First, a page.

CREATING A FUTURE FOR FUKUSHIMA’S PEOPLE
In all the attention that’s being given to the very real technical challenges being faced in the cleanup of the nuclear accident at Fukushima, it has been too easy to forget about the people who live there.
But I know what it’s like to live in the shadow of an accident at a nuclear power plant. In 1980, when I was a young government official, I moved my wife and two young sons to Central Pennsylvania, near the Three Mile Island facility, when I was given a leading role in managing its cleanup. While the two situations are not identical, and the Fukushima event is more complex and will take longer to remediate, there are important psychological parallels for the people who live nearby: the anxiety, the unknowns, and the nagging feeling that they are being used as pawns in political and policy battles over the future of nuclear energy.
My past visits to Japan, in the capacity of a technical adviser to the Fukushima plant’s owner, the Tokyo Electric Power Company, focused on the cleanup technical challenges. But when I went in May I went for a different reason: to connect with the people who have been affected, some of whom have been evacuated, and to bring them three things they need more of: accurate technical information, compassion, and a vision for a future of their communities.
My wife Lynn and granddaughter Jessica accompanied me. The people we met in the small, primarily agricultural towns near the Fukushima Daiichi plant impressed us with their sophisticated questions, and humbled us with their resilience and determination. Hearing their stories rekindled vivid memories of what we experienced 34 years ago at Three Mile Island. Lynn, who at the time was a childbirth nurse in the local hospital, shared the concerns of many mothers. And although Jessica wasn’t yet born in 1980, her father grew up and went to school near the shadow of the Three Mile Island cooling towers.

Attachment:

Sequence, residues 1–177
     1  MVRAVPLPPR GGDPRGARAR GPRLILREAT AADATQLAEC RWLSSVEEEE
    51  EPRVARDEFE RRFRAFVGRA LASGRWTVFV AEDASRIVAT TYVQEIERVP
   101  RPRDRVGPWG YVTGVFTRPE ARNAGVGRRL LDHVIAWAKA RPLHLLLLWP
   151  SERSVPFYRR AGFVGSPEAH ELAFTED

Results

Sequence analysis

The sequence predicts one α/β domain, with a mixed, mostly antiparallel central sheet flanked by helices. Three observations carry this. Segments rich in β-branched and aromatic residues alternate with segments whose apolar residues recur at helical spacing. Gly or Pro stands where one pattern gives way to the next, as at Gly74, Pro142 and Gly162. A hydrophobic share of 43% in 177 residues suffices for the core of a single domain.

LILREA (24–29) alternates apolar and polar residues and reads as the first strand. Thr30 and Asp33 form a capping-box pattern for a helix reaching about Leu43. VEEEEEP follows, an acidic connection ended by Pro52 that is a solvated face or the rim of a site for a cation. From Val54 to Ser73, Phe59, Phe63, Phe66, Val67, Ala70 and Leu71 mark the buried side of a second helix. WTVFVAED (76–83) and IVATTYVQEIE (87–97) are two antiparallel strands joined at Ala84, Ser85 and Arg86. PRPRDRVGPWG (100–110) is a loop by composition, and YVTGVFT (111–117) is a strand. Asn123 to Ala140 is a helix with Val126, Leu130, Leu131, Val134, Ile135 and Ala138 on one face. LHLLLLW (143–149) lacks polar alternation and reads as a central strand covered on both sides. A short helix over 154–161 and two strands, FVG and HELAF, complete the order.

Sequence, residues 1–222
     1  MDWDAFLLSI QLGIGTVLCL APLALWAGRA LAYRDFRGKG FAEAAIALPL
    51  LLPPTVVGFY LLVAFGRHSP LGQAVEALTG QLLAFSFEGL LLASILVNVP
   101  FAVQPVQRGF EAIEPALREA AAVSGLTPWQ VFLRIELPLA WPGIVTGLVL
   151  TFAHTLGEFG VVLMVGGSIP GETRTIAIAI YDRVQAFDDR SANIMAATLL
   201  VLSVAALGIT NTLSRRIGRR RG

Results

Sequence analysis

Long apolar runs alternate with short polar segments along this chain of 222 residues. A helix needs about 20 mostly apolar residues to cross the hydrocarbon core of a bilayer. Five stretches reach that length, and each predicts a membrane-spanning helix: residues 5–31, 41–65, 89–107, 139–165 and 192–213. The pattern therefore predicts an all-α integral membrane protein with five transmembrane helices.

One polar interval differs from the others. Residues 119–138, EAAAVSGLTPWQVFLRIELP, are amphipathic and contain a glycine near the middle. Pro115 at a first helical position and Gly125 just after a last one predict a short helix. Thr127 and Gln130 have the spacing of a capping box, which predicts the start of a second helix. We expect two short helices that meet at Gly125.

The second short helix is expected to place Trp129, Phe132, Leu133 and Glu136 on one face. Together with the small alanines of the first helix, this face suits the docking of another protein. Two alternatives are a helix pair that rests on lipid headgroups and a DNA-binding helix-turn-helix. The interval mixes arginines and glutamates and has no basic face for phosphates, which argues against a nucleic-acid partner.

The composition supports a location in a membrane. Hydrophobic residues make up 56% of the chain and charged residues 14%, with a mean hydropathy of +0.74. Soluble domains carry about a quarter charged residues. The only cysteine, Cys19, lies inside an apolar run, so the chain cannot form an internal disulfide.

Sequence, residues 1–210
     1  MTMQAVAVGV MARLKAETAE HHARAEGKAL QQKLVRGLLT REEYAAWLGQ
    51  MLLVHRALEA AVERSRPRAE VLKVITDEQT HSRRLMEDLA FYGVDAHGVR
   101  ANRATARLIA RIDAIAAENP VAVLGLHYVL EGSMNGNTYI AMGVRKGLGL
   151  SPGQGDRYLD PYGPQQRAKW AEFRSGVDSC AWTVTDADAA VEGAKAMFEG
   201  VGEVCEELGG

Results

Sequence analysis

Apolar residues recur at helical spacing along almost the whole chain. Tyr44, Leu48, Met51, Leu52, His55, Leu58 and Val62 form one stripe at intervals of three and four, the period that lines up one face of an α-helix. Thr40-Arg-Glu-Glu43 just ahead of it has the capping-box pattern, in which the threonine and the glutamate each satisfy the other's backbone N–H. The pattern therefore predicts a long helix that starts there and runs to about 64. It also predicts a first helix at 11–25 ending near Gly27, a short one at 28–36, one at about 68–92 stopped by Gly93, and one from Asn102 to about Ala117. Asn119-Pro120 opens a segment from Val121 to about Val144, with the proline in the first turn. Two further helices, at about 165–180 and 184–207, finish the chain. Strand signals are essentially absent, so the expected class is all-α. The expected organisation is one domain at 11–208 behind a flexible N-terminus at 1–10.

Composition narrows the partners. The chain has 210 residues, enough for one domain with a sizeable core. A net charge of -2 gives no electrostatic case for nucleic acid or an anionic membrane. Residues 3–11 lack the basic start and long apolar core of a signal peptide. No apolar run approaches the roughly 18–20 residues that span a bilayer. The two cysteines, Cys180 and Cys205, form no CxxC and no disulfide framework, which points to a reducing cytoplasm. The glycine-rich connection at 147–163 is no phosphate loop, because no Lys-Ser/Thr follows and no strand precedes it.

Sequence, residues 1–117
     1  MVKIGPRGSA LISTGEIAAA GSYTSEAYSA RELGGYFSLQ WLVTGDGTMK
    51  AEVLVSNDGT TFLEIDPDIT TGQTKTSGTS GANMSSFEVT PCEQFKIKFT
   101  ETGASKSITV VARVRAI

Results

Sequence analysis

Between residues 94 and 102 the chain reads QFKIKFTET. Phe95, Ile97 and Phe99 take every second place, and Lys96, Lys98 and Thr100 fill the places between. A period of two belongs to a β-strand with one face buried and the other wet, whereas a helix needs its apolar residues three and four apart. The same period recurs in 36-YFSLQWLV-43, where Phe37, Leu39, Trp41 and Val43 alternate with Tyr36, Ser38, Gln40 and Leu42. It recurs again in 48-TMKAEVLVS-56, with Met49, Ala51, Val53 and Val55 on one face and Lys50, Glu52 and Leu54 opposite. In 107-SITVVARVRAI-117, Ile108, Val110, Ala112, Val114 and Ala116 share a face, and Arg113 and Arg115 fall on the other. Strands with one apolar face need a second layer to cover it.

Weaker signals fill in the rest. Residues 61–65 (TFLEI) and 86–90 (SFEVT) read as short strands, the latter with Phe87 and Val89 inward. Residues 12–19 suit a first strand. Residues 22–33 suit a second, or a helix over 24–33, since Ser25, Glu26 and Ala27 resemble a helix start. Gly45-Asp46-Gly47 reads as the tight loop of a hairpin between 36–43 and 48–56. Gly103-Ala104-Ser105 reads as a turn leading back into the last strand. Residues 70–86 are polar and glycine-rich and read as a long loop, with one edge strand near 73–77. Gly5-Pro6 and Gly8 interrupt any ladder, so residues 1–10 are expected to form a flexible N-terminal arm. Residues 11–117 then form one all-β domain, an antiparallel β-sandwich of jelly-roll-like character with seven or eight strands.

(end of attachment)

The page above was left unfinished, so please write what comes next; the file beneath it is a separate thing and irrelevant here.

Before sharing more about what we heard, a quick geography lesson: The Fukushima Daiichi plant is located on the coast, and nearby are mostly small agricultural communities such as Hirono, Tomioka, and others. The plume of radioactive contamination released at the time of the accident ran generally to the northwest, affecting individual communities differently. Some residents are in the process of being resettled after full or partial evacuations. Others, like the residents of Soma City, live just outside the evacuation zone. All the residents, whether evacuated or not, also had to contend with the effects the Great Japan Earthquake that generated the tsunami and destroyed or damaged thousands of their homes.
Mothers, Grandmothers in FukushimaPic1. Mr Barret’s family and Mothers in Fukushima
One of our meetings was with a group of women from those towns. They were mothers, grandmothers, and expectant mothers. Like mothers anywhere, they are concerned for their children, and they are hungry for real information. Many feel that, despite TEPCO’s and the government’s efforts, they aren’t getting enough, at least not enough to counter anti-nuclear activists’ scare tactics. In fact, these people who bore the brunt of earthquake, tsunami, and nuclear accident are now being hurt a fourth time by those whose agenda is served by portraying the residents as perpetual victims.